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Re: META: "Chinese whispers"

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  • Jim Henry
    ... Maybe Phonology mutation relay or phonology evolution relay ? -- Jim Henry http://www.pobox.com/~jimhenry/
    Message 1 of 39 , Feb 28, 2009
      On Sun, Mar 1, 2009 at 2:25 AM, Sai Emrys <saizai@...> wrote:

      > IMHO it deserves its own name, a la the Relay.

      Maybe "Phonology mutation relay" or
      "phonology evolution relay"?

      --
      Jim Henry
      http://www.pobox.com/~jimhenry/
    • Garth Wallace
      ... It s possible to whisper at different pitches. It s tough to identify as a distinct pitch (because there are so many inharmonic partials), but it s pretty
      Message 39 of 39 , Mar 4, 2009
        On Wed, Mar 4, 2009 at 4:24 AM, Muke Tever <muke@...> wrote:
        > Paul Kershaw <ptkershaw@...> wrote:
        >>
        >> Hence Mark's question, as I understood it: If "Chinese whispers" are so
        >> called because the Chinese are strange in an interesting way (like Chinese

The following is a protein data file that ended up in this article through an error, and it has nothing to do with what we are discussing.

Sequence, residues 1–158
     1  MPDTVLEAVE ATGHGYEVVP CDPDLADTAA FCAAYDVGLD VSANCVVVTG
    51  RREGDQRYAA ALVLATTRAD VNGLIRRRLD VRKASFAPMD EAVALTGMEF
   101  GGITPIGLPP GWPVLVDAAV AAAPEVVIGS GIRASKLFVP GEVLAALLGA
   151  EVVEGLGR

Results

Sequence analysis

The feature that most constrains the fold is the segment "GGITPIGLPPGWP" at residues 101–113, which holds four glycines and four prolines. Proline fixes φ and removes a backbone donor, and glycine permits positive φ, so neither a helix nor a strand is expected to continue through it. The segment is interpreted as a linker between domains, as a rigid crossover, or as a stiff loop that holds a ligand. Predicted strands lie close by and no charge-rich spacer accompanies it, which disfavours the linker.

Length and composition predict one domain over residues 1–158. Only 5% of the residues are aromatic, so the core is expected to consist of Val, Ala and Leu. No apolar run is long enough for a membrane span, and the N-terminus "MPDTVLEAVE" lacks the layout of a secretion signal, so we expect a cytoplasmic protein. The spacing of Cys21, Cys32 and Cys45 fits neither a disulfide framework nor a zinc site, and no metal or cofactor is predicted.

>> checkers), okay, that's a little bit ethnocentric but otherwise harmless; if
        >> "Chinese whispers" are so called because the Chinese are easily confused
        >> because their language is so much bar-bar-bar ("barbarian") with little
        >> meaning, that's in the same vein as "Chinese fire drill," and worth at least
        >> an introspection about
        >>  its usage.
        >
        > I imagine that whispered tonal languages would be slightly more difficult to
        > understand than whispered non-tonal languages, what with the disuse of
        > voicing removing the most overt[1] expression of tone.  I expect there's
        > probably more homophony in devoiced Chinese than in devoiced English.
        >
        >        *Muke!
        > [1] As I understand it, there's other factors that express the idea of the
        > tone, as the absence or presence of aspiration suggests voicedness or
        > voicelessness in English.

        It's possible to whisper at different pitches. It's tough to identify
        as a distinct pitch (because there are so many inharmonic partials),
        but it's pretty easy to tell that one is higher than another, or
        rising, or what have you.
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